Now before y’all go getting riled up, I am not trying to get up in here and tell you who to vote for. I mean, if you want me to, you can email me and I will happily tell you how to copy my ballot, but I’m not going to issue PwcMoms endorsements. So, read on without worrying that you’ll have to read my feelings on Donald or Hillary, because you won’t have to do that here. I’m sharing this now because with the presidential campaigns heating up, it’s a good time to get involved, and because the candidate I’m talking about is not currently in an election cycle, so it’s not me pushing a candidate on you guys!
|In Richmond- Riley is holding a picture of himself and Delegate Anderson from their first election.|
Once upon a time, I had a 5 year old, a 2.5 year old, and a 6 month old.
Those were good times.
And the soon-to-be Kindergartner came up to me one day and said “Momma, I want to do politics.”
And, because I am probably certifiably insane, I said “Alright, let’s do that.”
So, we called our local political branch office (you can figure out which one if you want to by googling in a second, or remain blissfully ignorant and don’t, I’m not here to judge), and they informed us that they had a brand new candidate for delegate, and he didn’t have any volunteers yet since he’d just opened his campaign, and so he’d take what he could get, including a five year old.
So, at the appointed time on the appointed day, we showed up at said party’s office. The 5 year old lead the way in his JC Penney suit from Easter.
Because you know, he likes to have a good time, but he wants to be taken seriously, too.
And the 2 year old asleep in the stroller.
Because it was nap time, y’all.
And the 6 month old tied securely to me in my blue Moby wrap, because with three kids, you need your hands free, CAN I GET A WITNESS?
So, this motley crew marched into the office and a very friendly Rich Anderson looked up at us and smiled before asking “Can I help you?” even though I’m sure he wanted to ask “Lady, are you lost?”
Riley (captain kindergarten) informed him that we were his volunteers and we were there to help. Rather than laugh us out of the office, Rich put us to work knocking on doors and folding brochures.
|Savannah, Delegate Anderson, Mike May, and his son at the Occoquan Halloween Parade|
Now, I tell you this story because I think that working on a political campaign is REALLY good for kids! I thought Riley would get sick of it, but he didn’t, and 4 elections later, he’s still an Anderson volunteer. Even when I was in treatment, Riley went out and knocked doors anyway!
So, why should you let your child volunteer for a political campaign?
|Riley and Delegate Anderson- Riley was in 3rd Grade so this would be his 2nd term|
1- It’s Good To Know Where You Stand. Do they have an issue they’re particularly passionate about? What better way to work towards a solution than to promote a candidate that likes green cars or higher teacher salaries or homeschooling or veterans issues!
2- It’s Good to Be Friendly. Now, we all know stranger danger, but within the confines of having a safe adult with you, you learn a lot from knocking on doors! Riley has learned to shake hands, look people in the eye, and have a conversation with people a lot older than him who he wants to take him seriously.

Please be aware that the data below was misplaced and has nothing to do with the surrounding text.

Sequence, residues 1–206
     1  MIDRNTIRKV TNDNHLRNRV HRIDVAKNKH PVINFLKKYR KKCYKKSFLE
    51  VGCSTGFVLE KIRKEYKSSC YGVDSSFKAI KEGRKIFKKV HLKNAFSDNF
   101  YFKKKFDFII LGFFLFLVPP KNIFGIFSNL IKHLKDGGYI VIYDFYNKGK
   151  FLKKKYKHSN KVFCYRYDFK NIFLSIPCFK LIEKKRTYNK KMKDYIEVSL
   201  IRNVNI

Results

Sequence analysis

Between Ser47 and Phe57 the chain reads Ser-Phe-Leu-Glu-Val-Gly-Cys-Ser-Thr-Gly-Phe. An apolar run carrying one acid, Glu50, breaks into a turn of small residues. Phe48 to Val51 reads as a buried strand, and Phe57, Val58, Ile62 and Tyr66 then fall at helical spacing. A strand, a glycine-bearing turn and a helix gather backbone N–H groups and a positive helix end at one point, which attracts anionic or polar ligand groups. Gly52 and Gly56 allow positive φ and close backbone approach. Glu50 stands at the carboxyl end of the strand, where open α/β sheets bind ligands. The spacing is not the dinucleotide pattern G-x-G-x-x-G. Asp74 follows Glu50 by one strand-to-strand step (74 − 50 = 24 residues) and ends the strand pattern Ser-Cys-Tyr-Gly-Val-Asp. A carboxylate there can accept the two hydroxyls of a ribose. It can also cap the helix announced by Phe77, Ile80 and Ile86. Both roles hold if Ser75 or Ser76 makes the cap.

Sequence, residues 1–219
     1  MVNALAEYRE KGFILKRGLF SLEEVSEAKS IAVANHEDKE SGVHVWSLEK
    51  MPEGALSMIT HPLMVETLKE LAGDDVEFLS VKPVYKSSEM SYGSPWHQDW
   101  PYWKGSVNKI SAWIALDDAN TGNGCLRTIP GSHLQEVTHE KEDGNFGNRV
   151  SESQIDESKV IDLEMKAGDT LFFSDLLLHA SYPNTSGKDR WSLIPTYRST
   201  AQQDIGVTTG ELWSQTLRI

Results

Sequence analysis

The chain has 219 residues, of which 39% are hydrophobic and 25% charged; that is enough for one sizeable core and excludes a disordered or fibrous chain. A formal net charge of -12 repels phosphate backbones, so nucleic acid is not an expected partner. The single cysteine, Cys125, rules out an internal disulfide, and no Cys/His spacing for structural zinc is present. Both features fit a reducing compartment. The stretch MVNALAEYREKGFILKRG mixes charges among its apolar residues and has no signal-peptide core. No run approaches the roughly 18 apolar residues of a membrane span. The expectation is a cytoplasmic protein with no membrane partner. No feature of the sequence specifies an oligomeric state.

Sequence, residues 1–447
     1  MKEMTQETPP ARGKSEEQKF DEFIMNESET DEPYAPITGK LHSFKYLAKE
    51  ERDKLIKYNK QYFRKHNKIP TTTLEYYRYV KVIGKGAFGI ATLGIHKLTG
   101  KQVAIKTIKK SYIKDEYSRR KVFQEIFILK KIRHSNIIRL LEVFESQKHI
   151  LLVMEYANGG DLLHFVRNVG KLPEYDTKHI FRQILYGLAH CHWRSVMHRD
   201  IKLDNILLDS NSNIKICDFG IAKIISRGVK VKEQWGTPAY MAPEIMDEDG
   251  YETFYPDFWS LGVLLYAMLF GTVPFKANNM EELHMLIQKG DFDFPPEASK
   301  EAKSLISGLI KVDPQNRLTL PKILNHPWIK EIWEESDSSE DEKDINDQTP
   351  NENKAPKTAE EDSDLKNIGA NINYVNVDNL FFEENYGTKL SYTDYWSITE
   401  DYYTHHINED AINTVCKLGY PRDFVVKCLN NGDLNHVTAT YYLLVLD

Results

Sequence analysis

3. It’s Good to Get Told No. Frequently. Riley has also learned to have the door slammed in his face. Now, most people are really good in our county- he’s never been cussed at or anything like that, because people have always been on their best behavior when a kid comes with a candidate to the door, but he has definitely been told “go away” or listened to people share their concerns or grievances, and that’s a really important thing to be able to do with grace.
4. It’s Good to Know How to Treat People You Disagree With. Facebook teaches us dangerous lessons about how we can yell at people who disagree with our opinions behind the safety of a screen. Learning to listen to someone dissent from your opinion, treat them with respect anyway, and not just scream and flood them with emojiis will serve him SO well in the future when he is in the workplace.
5. It’s Good to Win. There is nothing quite like working hard with someone from start to finish and feeling like a part of something. It’s even better when that something that started out as a dream comes to fruition.
6. It’s Also Good to Lose. And as Riley has learned he likes political work, we’ve been on the losing side of some campaigns, too. Sometimes, you have to brush yourself off and move on, even when you really believed in what you were doing and who you were working for.
7. It’s Good to Make Connections. While we’ve branched into some national-level campaign work, there is nothing like working with a local candidate and developing relationships in our community. When your child works hard and later needs a recommendation or an evaluation or help with a merit badge or Gold Award or whatever thing it is, those relationships are great things to have.
|Not all politicians are bad guys. Logan gives Delegate Anderson hugs, and not everybody gets one from him!|
Delegate Anderson, I should mention, is running unopposed this election cycle and didn’t ask me to write this, or need me to, for that matter 🙂
School board members technically run unaffiliated…..although you don’t have to look very hard to find out which party they’re a member of, if that’s important to you.
You can always contact individual candidates (just google them!) and tell them you’d like to be put to work. Even if you don’t particularly care for politics, the experience that you gain working a campaign can be great for you, and your kid!